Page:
Use Temporary Stabilizers

So many good products exist from spray-on starch (commercial or homemade) to wash away and tear away products made specifically for sewing. Personally, I prefer the wash away stabilizers because picking out remaining pieces of tear away can be a chore. (See how I use wash away stabilizer on difficult fabrics here.)

Steam is Your Friend

Steaming a slightly puckered, overstretched seam is definitely allowed and recommended. Hold the iron at least a half inch above the seam, 2 inches or more if working with synthetics. (Try this on a scrap first!!!) Allow the steam from your iron to penetrate the fabric. Then, pat the fabric gently into place with your hand. Let the fabric dry undisturbed to shrink back to size. It's amazing what steam will do, especially with cotton, linen, wool, or silk. But this will only work if the pucker is tiny, so don't depend on this tip if your ripples are major.

I've compiled these tips into "A Roadmap for Improved Sweater Knit Seams". Newsletter subscribers have already received the link to this download. Others can download a copy by clicking here.

Sometimes it's just a matter of practice, learning how to handle various sweater knits, and becoming used to how your machine sews these fabrics. I would love to hear any suggestions and experiences you've had in the comments below.

Last edit 15Aug2020


  1. O, how I wish I would have had this information last fall before I ruined some gorgeous (and expensive) sweater knit material. First mistake-failing to surge the raw edges before the pre-wash, I opened the machine to find a giant ball of yarn! Second mistake-since I had lost so much of my fabric, I thought I could make-do by narrowing my seam allowances around the entire pattern. Bad move! The unstable edge of the fabric was a nightmare to work with and I ended up having to resew repeatedly. Trying to use a seam ripper was nearly impossible! The sweater is now finished, it's just small enough to fit a toddler.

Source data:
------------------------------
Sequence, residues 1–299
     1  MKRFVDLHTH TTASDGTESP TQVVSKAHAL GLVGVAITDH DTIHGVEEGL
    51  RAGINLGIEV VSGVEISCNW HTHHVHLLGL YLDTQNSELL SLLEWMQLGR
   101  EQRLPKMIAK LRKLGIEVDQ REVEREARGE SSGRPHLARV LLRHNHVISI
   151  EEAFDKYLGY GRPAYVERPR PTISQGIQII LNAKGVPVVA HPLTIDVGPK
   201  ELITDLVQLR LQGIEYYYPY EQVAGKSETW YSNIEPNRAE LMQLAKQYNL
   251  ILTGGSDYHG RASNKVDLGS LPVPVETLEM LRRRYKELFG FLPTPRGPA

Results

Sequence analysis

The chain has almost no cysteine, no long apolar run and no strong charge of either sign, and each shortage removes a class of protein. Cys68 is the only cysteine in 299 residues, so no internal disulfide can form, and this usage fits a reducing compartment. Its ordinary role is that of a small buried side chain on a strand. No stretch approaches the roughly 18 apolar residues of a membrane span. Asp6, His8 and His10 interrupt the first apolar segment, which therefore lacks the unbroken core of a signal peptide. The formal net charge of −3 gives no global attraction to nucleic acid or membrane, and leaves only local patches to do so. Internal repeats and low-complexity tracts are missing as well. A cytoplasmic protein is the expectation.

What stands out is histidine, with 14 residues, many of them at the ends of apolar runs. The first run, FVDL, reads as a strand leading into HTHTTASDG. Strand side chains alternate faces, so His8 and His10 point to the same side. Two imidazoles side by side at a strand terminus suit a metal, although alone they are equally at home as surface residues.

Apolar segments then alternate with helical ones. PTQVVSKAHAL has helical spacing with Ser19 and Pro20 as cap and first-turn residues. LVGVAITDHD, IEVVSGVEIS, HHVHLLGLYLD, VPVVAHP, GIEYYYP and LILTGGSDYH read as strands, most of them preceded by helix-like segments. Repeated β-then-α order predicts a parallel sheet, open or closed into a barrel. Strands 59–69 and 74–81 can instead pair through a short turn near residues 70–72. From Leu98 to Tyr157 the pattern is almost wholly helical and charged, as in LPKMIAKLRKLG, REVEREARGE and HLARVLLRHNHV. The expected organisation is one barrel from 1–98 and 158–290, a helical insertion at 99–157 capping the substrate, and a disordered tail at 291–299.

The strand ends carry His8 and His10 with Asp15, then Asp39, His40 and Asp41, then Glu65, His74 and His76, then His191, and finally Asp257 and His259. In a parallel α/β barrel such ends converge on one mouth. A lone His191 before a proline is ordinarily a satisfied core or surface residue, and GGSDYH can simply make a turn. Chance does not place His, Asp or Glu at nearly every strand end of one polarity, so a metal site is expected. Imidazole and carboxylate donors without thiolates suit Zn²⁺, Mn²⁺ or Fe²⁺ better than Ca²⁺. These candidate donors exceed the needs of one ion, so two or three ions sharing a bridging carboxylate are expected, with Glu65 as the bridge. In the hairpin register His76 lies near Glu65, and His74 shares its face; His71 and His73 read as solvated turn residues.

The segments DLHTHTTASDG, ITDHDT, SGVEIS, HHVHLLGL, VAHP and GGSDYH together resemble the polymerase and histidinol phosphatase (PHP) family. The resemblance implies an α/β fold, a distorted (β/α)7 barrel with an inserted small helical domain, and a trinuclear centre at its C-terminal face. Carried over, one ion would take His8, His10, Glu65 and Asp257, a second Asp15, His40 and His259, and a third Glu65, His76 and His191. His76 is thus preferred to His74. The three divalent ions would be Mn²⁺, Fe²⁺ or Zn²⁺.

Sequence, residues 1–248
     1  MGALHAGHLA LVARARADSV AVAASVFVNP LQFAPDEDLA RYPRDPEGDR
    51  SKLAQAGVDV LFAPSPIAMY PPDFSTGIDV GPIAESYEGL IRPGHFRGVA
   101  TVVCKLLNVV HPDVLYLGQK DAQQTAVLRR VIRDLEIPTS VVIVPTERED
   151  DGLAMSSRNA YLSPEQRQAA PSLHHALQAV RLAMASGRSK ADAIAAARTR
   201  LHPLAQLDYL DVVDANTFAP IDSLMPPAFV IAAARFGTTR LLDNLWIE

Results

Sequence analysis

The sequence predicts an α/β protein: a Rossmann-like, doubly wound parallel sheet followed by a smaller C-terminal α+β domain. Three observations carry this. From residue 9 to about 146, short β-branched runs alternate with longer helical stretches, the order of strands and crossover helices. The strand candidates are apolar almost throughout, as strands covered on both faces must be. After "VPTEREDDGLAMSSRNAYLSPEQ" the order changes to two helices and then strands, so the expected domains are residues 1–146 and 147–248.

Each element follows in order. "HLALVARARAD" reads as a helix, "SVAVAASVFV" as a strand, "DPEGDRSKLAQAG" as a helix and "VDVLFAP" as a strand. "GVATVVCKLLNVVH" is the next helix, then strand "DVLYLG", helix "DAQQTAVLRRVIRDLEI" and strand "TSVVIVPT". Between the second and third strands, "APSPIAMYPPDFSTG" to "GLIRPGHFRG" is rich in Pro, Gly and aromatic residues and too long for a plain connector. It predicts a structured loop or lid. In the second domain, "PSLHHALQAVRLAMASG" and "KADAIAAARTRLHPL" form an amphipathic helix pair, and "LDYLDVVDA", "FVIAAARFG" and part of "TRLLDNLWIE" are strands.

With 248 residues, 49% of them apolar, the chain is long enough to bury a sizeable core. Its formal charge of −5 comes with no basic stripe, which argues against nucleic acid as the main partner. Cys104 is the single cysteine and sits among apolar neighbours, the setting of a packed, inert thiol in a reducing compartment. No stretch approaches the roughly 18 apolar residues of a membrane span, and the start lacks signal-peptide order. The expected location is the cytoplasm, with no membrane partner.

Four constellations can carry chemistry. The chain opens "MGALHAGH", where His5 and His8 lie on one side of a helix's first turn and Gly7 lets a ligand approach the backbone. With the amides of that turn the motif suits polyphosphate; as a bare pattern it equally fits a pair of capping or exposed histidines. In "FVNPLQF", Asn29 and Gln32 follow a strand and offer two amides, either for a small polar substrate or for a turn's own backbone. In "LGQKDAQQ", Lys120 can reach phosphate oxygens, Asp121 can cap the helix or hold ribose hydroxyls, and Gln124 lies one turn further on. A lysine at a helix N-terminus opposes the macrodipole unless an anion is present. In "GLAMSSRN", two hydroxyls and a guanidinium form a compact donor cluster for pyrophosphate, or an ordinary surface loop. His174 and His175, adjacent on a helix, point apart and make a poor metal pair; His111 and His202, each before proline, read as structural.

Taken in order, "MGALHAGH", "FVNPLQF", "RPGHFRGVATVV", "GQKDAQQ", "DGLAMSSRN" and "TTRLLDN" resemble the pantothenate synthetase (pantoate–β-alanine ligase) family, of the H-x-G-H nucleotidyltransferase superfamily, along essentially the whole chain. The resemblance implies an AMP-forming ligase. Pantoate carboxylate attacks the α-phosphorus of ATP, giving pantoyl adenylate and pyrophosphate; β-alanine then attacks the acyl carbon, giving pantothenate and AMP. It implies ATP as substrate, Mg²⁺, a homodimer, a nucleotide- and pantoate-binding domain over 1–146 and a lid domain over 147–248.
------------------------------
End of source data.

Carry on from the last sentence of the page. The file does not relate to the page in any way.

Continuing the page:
1. Oh no, Shannon! Sounds as though you ended up learning some of these techniques the hard way. Sorry to hear. :(

      Armed with what you know now, I hope your next experience with sweater knits is a smooth and enjoyable one!

  2. Thank you Google for directing my to this website. I love everything I see and you look absolutely lovely in all your projects. I have much to learn as a beginner. By the way, I am from South Africa and I really enjoyed and found your guidance doing necklines extremely helpful.Thank you. Tina

    1. Thank you so much, Tina, and welcome to the site! So glad you're finding it helpful. Please be sure to join the email list for even more tips, if you haven't joined already. And always feel free to ask sweater sewing questions in the comments.